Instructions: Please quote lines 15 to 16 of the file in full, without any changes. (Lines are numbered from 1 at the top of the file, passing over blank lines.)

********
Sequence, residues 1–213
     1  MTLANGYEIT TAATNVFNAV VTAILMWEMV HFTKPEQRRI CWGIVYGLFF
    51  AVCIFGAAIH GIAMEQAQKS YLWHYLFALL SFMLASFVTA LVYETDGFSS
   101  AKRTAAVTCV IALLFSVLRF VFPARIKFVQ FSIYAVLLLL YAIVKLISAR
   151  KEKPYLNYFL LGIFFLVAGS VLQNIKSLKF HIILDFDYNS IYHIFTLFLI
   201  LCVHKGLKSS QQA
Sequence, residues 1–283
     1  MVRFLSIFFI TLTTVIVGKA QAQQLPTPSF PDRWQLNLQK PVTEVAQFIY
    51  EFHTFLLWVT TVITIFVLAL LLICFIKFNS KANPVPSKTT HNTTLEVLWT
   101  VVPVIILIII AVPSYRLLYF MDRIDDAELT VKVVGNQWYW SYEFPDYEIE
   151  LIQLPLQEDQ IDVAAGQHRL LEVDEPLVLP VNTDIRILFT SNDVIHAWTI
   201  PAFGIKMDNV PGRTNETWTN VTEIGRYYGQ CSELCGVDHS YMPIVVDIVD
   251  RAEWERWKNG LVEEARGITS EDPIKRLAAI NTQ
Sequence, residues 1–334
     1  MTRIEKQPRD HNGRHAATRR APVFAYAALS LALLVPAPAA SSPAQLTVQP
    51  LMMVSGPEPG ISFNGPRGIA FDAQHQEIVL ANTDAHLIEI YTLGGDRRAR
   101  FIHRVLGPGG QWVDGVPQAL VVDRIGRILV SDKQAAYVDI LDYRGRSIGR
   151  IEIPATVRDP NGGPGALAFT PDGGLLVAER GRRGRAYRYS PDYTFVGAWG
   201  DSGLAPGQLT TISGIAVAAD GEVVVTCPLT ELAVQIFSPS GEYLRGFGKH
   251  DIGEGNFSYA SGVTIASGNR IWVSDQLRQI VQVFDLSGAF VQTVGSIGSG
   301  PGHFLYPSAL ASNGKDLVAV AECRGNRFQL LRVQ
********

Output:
     1  MTRIEKQPRD HNGRHAATRR APVFAYAALS LALLVPAPAA SSPAQLTVQP
    51  LMMVSGPEPG ISFNGPRGIA FDAQHQEIVL ANTDAHLIEI YTLGGDRRAR